Face-to-face communication is going out of fashion as technology advances, so we could be forgiven for thinking that real experience doesn’t matter. Chris Freel, however, argues that it’s never been more important.
This article first appeared in The Experience Issue, our February/March issue of Marketing magazine.
I still vividly remember the first time I went to a concert. It was a cold November night in 1985; the legendary Welsh Elvis, Shakin’ Stevens (aka Shaky), was playing live at Blackpool Winter Gardens in the north-west of England. It was so cold that my mother bought me a silk ‘Shaky’ scarf on the way in – I don’t think the heating bills had been paid at the venue! The place was heaving, and the roarthat greeted Shaky as he came out onto the stage was deafening. Somebody in the front few rows had brought a life-size painted green door along with them and was waving it in the air (an ode to one of Shaky’s chart-topping hits).
The scent of ‘Anais Anais’ perfume was sweeping through the amphitheatre, and middle-aged women were screaming and elbowing each other out of the way to get to the front. I was eight years old and transfixed by the event that I was a part of. Never had I seen anything like this and I was enraptured.
From the moment the first note came out of Shaky’s mouth to the encore two hours later, it was the best experience of my life. I remember wearing my leather jacket every day for six months after that show and coming second that year at Butlins talent competition in Skegness with my impersonation of the great man.
On a very different note, I also remember vividly the day I came home from school at the age of 13 to find my mum, nana and grandad waiting for me, telling me that my dad had died. He was 33 years old and had overdosed on heroin. Twenty-eight years later I can still hear my mum crying. There is nothing more impactful than experiencing something for yourself.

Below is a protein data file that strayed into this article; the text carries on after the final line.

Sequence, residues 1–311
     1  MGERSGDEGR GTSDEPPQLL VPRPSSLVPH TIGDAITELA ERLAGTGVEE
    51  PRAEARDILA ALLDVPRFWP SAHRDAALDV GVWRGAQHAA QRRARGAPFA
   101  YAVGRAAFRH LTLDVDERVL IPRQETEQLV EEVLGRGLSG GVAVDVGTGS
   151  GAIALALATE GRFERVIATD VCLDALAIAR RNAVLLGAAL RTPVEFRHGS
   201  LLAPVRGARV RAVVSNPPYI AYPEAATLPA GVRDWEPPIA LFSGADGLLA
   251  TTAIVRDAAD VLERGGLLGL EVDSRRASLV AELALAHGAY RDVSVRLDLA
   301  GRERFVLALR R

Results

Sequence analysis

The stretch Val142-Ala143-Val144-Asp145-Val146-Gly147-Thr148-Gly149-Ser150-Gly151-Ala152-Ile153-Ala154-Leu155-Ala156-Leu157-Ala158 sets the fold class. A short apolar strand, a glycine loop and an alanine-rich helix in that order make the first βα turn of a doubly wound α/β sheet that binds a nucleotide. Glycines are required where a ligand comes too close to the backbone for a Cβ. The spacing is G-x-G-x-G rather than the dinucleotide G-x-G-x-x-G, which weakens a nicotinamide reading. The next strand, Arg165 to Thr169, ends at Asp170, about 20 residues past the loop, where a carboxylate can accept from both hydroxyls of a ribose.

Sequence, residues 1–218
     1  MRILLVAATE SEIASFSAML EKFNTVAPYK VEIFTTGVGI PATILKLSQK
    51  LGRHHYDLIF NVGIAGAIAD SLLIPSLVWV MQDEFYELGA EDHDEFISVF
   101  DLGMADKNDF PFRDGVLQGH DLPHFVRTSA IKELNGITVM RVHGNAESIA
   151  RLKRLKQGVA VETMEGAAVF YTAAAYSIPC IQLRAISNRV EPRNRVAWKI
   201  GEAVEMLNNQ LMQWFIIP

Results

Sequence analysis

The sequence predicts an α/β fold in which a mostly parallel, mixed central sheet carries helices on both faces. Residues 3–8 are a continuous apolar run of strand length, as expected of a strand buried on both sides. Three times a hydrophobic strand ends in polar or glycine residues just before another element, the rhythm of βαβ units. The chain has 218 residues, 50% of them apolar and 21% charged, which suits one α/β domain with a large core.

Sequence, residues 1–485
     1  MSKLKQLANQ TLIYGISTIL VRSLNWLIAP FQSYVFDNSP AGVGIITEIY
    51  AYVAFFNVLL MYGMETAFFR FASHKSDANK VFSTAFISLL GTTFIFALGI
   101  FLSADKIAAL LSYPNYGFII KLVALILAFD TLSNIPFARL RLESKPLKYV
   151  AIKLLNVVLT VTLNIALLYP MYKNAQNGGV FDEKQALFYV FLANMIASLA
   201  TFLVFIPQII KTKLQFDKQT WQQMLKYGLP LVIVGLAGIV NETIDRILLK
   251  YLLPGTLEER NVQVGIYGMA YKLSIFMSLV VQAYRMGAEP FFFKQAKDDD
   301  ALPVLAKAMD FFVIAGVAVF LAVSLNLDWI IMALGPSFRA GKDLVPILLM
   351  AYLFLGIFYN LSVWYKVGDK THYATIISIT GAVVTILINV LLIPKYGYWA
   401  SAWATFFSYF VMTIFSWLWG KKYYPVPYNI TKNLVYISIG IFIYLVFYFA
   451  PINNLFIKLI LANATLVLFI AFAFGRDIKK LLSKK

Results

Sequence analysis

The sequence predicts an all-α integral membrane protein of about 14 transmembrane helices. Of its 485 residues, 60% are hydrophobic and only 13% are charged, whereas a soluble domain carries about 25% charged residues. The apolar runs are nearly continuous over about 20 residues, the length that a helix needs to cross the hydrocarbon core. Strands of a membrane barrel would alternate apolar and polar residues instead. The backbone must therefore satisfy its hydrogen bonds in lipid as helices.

Whether that be a rock concert or losing somebody, memories – both good and bad – are made by experiences.
Experience drives emotion: laughter, tears, anger, disappointment, frustration, resentment, curiosity and so much more. Emotion is the number one trigger for action. The emotional connections that we feel through being involved in an experience are second to none, and this combination is incredibly powerful. At UnLtd, the emotional connection is something that we think about every day.
UnLtd exists for two reasons: to enable our corporate partners (the media and marketing industry) to do good and give back, and to drive value to our charity partners so that they can continue to do the great work that they do to give young Australians the best opportunities in life. We know that the best way to do both is for us to provide an experience that evokes emotion in our corporate partners and, therefore, unlocks the potential to drive value for our charity partners. I guess this is the not-for-profit sector’s version of establishing a ‘buy-in’.
If our corporate partners are going to feel wholly attached (and therefore drive a massive impact), they must experience up close and personal what the charity stands for. It is essential that they experience first-hand the work that the charity does and the impact it has.
This can happen in a number of ways: